The Perseids is perhaps the most well-known of all the meteor showers.
After several months of long summer nights it heralds the beginning of the night sky observer’s calendar with an often spectacular display. It has been observed for centuries with some of the earliest recorded observations were made in China almost two thousand years ago. The Perseids occur when the Earth’s orbit passes through the trail of debris left by the comet Swift–Tuttle which orbits the sun every 133 years. The connection with Comet Swift-Tuttle was suggested a few years after the comet’s co-discovery in 1862 by American Astronomers Lewis Swift and Horace Parnell Tuttle. This was the first time that a meteor shower had been associated with a comet. The nucleus of comet Swift –Tuttle is around 26km in diameter and its orbit takes it into close proximity to the Earth-Moon system. It is due to make its next appearance in 2106.
The Perseids shower is active between July 17 and August 24. Although it has a long duration, it has a very strong and short duration peak around August 12. You will be able to observe Perseid meteors all across the sky but the shower is visible primarily in the Northern Hemisphere because of the shower’s radiant (the point where all meteors appear to originate) is in the constellation of Perseus. (At around midnight in the UK Perseus will be in the North-West at about 40 degrees altitude).
Perseid meteors are relatively bright due (in part) to their high average velocity. This is in excess of 61km per second (Geminid meteors, for example, average approximately 35km per second). Peak activity can reach over 100 meteors per hour and on the night of peak activity it is not uncommon for one of our cameras to capture several hundred meteors. This year the Perseids peak coincides with a bright waning gibbous moon, the light of which will drown out some of the less bright meteors. Visual observers can expect to see significantly fewer meteors and even under transparent skies observed rates may be less than 40-50 per hour. Even so this is still a good show.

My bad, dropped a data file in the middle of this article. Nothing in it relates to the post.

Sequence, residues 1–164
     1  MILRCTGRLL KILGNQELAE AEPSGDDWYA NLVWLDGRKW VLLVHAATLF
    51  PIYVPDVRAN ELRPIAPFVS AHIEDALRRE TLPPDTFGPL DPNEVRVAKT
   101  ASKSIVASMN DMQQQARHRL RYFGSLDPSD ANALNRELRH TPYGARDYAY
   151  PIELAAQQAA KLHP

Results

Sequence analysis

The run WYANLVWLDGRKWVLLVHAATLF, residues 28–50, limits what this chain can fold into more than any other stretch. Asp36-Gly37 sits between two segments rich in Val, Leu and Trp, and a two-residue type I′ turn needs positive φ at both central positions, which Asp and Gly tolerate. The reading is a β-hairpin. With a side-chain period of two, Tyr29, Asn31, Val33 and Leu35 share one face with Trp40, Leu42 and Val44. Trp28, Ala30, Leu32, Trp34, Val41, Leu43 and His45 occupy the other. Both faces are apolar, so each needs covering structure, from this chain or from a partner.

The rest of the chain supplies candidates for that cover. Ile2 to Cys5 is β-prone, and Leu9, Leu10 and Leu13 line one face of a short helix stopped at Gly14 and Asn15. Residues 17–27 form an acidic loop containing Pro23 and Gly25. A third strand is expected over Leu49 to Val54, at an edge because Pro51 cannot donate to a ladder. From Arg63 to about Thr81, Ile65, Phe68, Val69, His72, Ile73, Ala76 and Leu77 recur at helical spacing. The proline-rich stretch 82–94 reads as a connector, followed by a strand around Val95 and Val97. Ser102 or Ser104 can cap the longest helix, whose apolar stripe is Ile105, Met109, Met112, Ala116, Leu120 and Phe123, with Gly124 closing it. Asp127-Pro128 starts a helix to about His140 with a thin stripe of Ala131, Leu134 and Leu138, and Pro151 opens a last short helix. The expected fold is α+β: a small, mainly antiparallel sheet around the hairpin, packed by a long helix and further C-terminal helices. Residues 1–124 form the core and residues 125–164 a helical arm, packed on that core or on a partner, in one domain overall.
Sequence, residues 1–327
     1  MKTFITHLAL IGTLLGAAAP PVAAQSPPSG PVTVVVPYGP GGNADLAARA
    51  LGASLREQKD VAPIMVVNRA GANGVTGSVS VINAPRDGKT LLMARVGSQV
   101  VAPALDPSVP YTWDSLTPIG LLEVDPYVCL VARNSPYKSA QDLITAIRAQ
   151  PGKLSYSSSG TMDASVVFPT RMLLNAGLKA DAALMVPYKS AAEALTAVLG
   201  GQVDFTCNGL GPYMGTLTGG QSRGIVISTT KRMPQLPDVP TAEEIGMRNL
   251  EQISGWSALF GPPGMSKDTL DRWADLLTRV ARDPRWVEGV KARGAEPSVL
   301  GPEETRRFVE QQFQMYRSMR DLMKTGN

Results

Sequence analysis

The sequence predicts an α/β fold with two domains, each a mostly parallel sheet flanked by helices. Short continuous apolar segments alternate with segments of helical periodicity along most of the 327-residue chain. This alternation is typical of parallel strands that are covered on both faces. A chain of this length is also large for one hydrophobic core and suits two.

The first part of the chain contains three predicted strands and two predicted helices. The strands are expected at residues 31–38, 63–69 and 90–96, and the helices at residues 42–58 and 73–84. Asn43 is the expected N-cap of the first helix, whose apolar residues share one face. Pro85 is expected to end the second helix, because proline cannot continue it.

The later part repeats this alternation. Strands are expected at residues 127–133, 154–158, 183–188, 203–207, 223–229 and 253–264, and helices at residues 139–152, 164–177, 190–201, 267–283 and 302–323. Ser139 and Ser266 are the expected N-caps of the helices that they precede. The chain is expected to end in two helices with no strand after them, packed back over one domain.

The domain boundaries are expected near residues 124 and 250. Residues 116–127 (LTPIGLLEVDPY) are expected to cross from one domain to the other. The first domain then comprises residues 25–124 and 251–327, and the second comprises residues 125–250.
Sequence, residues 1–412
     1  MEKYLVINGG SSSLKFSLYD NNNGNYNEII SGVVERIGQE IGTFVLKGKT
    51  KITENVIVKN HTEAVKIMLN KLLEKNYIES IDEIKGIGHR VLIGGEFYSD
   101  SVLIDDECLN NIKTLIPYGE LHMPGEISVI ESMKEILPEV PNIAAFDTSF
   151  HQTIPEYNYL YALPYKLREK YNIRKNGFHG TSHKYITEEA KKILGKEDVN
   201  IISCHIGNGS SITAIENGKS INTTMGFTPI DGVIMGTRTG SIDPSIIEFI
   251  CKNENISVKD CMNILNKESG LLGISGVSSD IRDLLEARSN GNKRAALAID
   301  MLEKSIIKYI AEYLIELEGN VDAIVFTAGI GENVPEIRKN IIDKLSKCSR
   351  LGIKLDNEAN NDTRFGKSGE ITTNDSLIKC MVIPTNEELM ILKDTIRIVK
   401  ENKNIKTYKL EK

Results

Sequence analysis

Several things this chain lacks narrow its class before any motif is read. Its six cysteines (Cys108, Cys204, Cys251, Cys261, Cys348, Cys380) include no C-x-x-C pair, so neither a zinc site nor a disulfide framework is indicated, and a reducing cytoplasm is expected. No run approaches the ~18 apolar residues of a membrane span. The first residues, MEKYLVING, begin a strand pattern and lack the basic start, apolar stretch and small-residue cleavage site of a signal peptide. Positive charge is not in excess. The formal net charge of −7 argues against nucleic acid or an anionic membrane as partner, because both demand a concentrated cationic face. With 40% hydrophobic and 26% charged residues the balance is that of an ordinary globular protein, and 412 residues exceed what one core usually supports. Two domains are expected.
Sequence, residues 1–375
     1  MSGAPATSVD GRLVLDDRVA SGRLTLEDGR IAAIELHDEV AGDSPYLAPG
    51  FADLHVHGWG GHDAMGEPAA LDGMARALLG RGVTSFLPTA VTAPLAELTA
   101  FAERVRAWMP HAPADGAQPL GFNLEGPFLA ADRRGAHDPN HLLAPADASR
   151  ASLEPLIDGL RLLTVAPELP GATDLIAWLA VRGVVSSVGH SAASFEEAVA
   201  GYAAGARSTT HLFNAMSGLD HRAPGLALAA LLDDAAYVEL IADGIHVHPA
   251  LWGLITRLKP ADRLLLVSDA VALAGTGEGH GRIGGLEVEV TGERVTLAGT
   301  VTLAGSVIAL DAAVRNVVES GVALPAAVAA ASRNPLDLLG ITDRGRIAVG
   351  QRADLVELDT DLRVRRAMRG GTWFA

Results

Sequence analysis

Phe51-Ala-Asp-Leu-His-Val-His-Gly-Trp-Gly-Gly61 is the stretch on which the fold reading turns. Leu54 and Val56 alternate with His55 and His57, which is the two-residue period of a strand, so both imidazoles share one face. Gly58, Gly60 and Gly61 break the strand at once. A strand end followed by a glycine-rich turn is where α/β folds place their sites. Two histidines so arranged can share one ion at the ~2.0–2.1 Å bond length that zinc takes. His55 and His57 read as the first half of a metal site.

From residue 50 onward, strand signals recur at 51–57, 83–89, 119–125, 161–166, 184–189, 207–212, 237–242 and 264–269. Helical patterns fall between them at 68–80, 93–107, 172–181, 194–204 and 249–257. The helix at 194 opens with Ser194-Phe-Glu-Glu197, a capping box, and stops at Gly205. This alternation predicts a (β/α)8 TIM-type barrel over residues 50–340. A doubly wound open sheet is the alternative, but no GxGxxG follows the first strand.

Meteor rates will be higher before dawn because the side of the earth moving into the stream encounters more debris. To give yourself the best chance to see Perseid meteors go outside after midnight on the morning of August 12. Give your eyes to time to adjust to the dark, look straight up and enjoy the spectacle. Whilst watching the sky avoid glancing at your smartphone as it will reduce your night-time visual acuity. Alternatively, why not try capture some meteors on camera. The American Meteor Society has published some excellent guidance on how to photograph meteors.
One of the benefits of a national camera network is that there is a good chance of clear skies somewhere where there is a UKMON camera. The UKMON network of cameras will be monitoring the Perseids shower and during peak activity. You can join us on Facebook and Twitter where we will publish some of our best images.
Perseid fireball from 2015 recorded by Wilcot:
Perseid fireball from 2014 recorded by Clanfield:
Perseid fireball from 2015 recorded by Cardiff:
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